Title: The Gypsy's Curse
Based on the BBC television program and books by Ellis Peters.
Cadfael found himself sitting at a rough hewn table in a quaint kitchen with a fireplace and shelves stocked with several spices. Across from him and Sheriff Beringer, sat Gawain and Bofar, the blacksmith. Both men had red rimmed eyes, though tried to hide it.
"When was the last time you saw your son?" Hugh asked.
Bofar coughed, before looking the sheriff directly in the eye. "At dinner time last night, then he said he had to go out and not to wait up for him since he would be late."
"Did Alan routinely stay out late at night?"
"Not routinely, no, but he has done it before."
"And did you ever worry about him?"
"No, not really," Bofar nearly choked up at that. "Though I suppose I should have." He stared at the sheriff angrily. "Why are you asking me these questions when you should be putting that gypsy boy in jail?"
"You mean, Conan?"
"I don't care what his name is! I want him arrested!"
"How do you know of him?"
"Gawain told me of him and how that gypsy attacked them in the tavern yesterday!"
"Did Gawain also tell you how he and Alan jumped Conan in the dark the night before last?" Cadfael questioned angrily.
Bofar looked at his son to confirm that fact.
"He's lying!" Gawain turned red in the face.
"Are you calling a man of God a liar?" Hugh said quietly.
"Then did you or did you not attack Conan that night before your brother's murder?"
"Well, we may have roughed him up a bit, but-"
"Do you call several bruises, a deep cut on the forehead, and a black eye roughing up a bit?" Cadfael interrupted, barely concealing his fury.
Sheriff Beringer nudged his foot under the table to get the monk to calm down.
"Does it matter?" Bofar asked. "Gypsies are the scum of the earth and deserve whatever we give them."
Cadfael was about to heatedly argue when Hugh asked another question.
"Did Alan mention getting a note before he left?"
"A note?" Bofar frowned. "No. Should he have?"
"No, I suppose not." Hugh glanced over at Gawain. "You were Alan's closest friend, correct?"
"Yes." Gawain looked a little nervous.
"Did he tell you about the note he received from someone telling him to meet this person at the Abbey Mill?"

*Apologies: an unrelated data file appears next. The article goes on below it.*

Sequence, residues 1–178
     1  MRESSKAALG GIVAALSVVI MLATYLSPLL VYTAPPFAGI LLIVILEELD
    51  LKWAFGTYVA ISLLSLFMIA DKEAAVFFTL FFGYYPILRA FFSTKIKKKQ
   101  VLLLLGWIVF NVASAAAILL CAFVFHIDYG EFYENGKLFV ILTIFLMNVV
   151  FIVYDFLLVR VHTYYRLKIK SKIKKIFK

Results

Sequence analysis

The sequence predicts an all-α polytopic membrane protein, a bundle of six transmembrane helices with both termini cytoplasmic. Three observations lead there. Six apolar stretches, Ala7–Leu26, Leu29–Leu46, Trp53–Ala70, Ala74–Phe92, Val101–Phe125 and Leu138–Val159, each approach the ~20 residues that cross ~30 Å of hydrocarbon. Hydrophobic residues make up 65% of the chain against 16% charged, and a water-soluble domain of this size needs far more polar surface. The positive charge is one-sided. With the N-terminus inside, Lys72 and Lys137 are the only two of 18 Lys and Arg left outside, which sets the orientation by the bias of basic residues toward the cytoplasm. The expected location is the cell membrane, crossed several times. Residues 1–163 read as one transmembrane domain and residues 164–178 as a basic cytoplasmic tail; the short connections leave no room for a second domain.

"N-no." Gawain's gaze wavered before finally settling firmly on the sheriff.
"Your brother is your best friend and he did not tell you of the meeting he had late at night?"
"No, he didn't."
"Maybe it was from a girl and he didn't want me to interrupt them?"
"Was there a girl he was interested in?"
Gawain gave a short laugh before glancing at Cadfael and sobering quickly. "Yes. He liked several girls."
"Any interested in him?"
Hannah and Alaine were interested in him a lot and he encouraged both, but prefered Alaine more."
"Because she was prettier."
Cadfael made sure to keep his face blank, but was disgusted with the boy in front of him as well as the dead one for having such shallow feelings.
"I will be sure to talk with them about the note."
"When are you going to stop talking about this note and arrest that gypsy boy?" Bofar asked.
"I do not plan on arresting him," Hugh replied. "At least not until I have sufficent evidence against him."
"He's a gypsy! That should be proof enough."
"There are other suspects, do you wish me to arrest them as well?"
"What other suspects?"
"Gawain, for one."
"What?" Gawain shouted in outrage. "Why me? I'm Alan's brother!"
"Brothers have killed each other before now." Hugh slid a slip of paper toward the boy. "Would you mind writing something down for us about the Abbey Mill."
Hugh did not reply, only waited.
"Are you wanting to compare my handwriting to that on the note?" Gawain gritted his teeth.
"If you are innocent then you have nothing to hide."
"Did you make the gypsy boy do this?"
Hugh again did not reply.
"All right!" Gawain said angrily and found an inkwell, scrawling furiously on the parchment, thrusting it toward the sheriff.
Hugh calmly picked it up and looked at it before folding it in half. "I suppose that is it for now. Good day."
The sheriff and Cadfael stood and showed themselves to the door.
"Well?" Cadfael asked.
"It's not a match," Hugh said and gave the parchment to him.
Cadfael's eyes scanned the paper. "Abbey is spelled correctly, though I do not particularly like the insult."
"Yes. Sorry about that. I would have wrung his neck if his father hadn't been there."
"It does not matter," Cadfael waved his hand to dismiss it. "Did you notice that he lied about knowing of the note?"
"Yes, I did."
"What do you suppose he is hiding?"
Hugh shrugged. "Possibly the person who wrote the note."
"Hmm," Cadfael frowned. "Why did you not test Conan and his family?"
Hugh looked slightly embarrassed. "It didn't occur to me until now."
Cadfael hid his smile. "Perhaps we should part ways here. I have some things I must attend to at the abbey."